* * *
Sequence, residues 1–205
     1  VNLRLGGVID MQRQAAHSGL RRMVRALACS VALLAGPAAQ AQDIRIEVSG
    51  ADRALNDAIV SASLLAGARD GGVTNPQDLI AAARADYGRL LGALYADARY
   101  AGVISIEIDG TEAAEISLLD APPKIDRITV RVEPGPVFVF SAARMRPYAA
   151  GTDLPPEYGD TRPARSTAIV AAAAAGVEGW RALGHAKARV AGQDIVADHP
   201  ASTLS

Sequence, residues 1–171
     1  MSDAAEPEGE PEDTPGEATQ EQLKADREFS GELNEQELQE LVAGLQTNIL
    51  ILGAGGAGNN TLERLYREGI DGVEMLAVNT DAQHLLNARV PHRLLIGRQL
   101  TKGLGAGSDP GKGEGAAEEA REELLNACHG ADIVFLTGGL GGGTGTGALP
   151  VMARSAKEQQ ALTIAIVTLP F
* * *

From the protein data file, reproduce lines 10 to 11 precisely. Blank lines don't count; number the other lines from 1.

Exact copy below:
   101  TKGLGAGSDP GKGEGAAEEA REELLNACHG ADIVFLTGGL GGGTGTGALP
   151  VMARSAKEQQ ALTIAIVTLP F